“I don’t know, but it could well be. The Metronome record company gave the job of the cover paintings to a guy called Heinz Dofflein. We never met him and he was not familiar with our music. He just got the topic of the story and probably phoned with keyboardist Mist a few times. The finished front cover painting was sent by the Metronome to Conny’s Studio where we recorded the album. There we saw the cover for the first time and we liked it at once.”

In the booklet I read that you arranged ‘some electronic effects’ and ‘odd device brainwaves’. Would you please explain that?

“I was mainly responsible for recording certain things like acoustic guitars. Conny said I had better ears for that and for special designed effects on the guitars and vocals. We used to pre-mix the vocals together with the concerning effects like echo-loops, short delays, plate-revery and inverse effects in order to save some tracks, because we only had 24 of them on the master machine. I already had released my first solo album and since I owned a small electronic studio at that time, I was quite into these things. The ’brainwaves’ for instance are my announcements and some strange ideas about sounds and the ‘whistling Ernie’ in the middle of Anywhere. The others never had cruel ideas like this.”

Did you use a real mellotron with all his problems?

“Yes, we did, and indeed the problems were really horrible. It was not only a heavy load to carry for the roadies and for ourselves, but it never was correctly in tune at least not on stage. Later on we got a bigger P.A. and the bass-resonances of the sub-woofers sometimes caused it to sound like a tremolo in some parts. The tape-loops inside were very sensitive as well and got always dirty from the oil-fog and fireworks we used on stage and then it sounded muffy. So we had to clean the heads before each concert. We all hated that thing, but Mist never wanted to get rid of it and so it stayed with us until he left the band in 1983.”

Did you ever play the entire album live as a whole piece of music?

“We always did between 1976 and 1981. Later on we played a shortened medley of it.”

Was it difficult to play this high level of progressive rock music on a live stage at that time?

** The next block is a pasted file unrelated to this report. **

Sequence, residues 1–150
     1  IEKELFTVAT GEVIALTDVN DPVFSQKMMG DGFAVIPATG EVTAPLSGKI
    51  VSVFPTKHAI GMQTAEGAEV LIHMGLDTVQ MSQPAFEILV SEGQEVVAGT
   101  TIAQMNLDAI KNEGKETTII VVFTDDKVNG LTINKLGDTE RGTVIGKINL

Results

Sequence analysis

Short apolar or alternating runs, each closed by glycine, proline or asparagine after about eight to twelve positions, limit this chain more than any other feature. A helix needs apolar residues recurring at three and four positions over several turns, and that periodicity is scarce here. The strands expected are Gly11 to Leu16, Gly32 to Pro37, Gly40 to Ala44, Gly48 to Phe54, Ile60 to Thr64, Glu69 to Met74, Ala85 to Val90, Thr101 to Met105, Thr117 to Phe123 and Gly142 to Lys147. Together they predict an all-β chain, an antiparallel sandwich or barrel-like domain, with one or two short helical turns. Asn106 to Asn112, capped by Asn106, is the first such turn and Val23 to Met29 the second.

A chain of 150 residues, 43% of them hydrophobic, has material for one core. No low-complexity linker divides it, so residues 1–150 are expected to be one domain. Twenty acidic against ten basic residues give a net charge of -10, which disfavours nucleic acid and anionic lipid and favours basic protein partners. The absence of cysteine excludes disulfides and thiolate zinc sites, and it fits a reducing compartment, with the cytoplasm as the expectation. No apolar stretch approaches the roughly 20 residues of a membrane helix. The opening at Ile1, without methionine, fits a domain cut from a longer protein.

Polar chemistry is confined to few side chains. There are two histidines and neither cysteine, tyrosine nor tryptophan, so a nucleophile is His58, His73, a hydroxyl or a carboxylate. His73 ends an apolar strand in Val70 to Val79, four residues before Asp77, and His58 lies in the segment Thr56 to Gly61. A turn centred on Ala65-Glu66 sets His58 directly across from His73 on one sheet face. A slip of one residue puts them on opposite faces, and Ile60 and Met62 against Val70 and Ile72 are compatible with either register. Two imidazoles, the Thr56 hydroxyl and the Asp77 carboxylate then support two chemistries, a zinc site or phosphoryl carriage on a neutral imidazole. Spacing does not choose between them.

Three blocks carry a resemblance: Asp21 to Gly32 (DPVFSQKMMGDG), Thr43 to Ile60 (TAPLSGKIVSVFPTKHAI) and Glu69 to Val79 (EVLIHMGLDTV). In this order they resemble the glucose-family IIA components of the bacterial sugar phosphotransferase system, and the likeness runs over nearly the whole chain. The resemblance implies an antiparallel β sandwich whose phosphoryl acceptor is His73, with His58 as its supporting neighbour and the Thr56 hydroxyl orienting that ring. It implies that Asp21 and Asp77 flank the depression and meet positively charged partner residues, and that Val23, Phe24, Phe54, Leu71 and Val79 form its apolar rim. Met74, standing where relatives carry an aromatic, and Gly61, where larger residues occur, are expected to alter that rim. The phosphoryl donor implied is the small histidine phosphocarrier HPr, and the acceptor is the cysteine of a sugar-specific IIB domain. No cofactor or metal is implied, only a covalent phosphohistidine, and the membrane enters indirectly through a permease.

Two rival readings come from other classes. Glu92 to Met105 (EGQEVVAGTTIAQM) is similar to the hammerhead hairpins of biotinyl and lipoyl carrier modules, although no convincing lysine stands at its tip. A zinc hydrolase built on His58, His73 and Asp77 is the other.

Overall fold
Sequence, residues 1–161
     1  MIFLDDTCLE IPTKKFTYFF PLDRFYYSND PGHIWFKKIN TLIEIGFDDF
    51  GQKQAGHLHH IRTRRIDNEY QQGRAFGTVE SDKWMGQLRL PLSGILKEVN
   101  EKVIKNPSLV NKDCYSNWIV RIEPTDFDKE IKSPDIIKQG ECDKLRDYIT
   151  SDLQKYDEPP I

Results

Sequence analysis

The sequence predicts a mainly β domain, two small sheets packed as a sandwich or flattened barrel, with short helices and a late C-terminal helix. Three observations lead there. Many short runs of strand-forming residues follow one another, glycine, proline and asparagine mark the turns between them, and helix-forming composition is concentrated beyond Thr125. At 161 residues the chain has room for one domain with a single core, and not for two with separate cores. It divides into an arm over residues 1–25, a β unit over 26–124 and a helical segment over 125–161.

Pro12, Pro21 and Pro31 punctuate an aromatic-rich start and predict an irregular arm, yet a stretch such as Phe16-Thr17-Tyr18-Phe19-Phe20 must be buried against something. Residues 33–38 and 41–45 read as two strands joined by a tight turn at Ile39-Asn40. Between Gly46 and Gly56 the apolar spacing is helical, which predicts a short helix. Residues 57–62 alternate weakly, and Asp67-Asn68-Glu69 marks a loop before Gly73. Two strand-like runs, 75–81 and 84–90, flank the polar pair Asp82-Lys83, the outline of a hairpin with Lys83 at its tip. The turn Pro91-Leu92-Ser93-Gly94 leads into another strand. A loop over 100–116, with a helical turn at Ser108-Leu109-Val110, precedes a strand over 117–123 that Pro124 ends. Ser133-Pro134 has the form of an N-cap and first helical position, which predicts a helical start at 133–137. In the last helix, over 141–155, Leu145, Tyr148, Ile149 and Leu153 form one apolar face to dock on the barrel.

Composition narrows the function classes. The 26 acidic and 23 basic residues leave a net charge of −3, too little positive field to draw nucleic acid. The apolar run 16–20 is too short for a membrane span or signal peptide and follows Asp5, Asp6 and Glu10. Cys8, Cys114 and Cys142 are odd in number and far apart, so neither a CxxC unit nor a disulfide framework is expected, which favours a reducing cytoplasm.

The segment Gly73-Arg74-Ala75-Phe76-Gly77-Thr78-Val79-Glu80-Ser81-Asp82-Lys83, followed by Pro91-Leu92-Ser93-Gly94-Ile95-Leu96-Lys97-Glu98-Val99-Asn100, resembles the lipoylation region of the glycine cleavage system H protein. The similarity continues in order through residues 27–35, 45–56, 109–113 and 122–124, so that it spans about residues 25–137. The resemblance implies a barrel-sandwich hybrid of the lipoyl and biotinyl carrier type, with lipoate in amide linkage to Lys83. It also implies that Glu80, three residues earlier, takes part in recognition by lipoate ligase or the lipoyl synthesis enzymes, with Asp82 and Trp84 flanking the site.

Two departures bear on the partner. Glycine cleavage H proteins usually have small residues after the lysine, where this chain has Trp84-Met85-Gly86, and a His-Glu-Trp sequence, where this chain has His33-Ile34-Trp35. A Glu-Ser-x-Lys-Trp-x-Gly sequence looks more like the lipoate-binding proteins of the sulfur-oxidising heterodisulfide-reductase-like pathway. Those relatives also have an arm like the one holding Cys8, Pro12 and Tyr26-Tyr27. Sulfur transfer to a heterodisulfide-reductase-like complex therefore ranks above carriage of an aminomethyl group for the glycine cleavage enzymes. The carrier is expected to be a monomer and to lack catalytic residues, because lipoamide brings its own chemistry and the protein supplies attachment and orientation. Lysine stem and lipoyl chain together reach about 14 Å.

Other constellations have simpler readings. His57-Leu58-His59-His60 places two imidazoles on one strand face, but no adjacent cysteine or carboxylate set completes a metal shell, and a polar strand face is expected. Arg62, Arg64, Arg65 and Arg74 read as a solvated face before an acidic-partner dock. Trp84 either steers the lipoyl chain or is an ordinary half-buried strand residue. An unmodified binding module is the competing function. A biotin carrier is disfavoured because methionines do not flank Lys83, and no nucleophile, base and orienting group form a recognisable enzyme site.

“Absolutely. Remember: we came from the late sixties with their great mood of a new departure. We were used to improvisations and all kinds of happenings on stage. Solar Music is the best example for that. In our hearts we wanted to be free and wild and full of unexpected surprises. To play such exactly arranged music with each single note to be reproduced in the same way felt like a ball and chain, at least for me and the bass player. However, we got used to it over the years and in the end every note just flew off our heads and fingers like the parts of Solar Music. You can say it was something like a very intensive rehearsal on stage for years. Finally, we had perfected it so well that you could have waked us in the middle of the night, but we would always have played RPL with the same great quality.”

On marabou 1981

I believe that you used a sort of dummy marabou when you performed RPL. Is a marabou a real bird and did you use other props to bring the story alive on stage?

“Yes, one of our roadies had a costume and a bird’s head on when he acted as Marabou. Look at the pictures in the booklet of GS-6. You can see him there carrying Toni Moff Mollo as Ernie upon his shoulders. Also the Stoney Heads appeared for some time: two roadies with big ugly heads dressed up with a fishing-net covered with artificial rocks. Marabou himself is indeed a real bird in the story. He’s able to speak, he carries a bag with vegetables and sometimes smokes a pipe. It’s up to you how real he was and is...”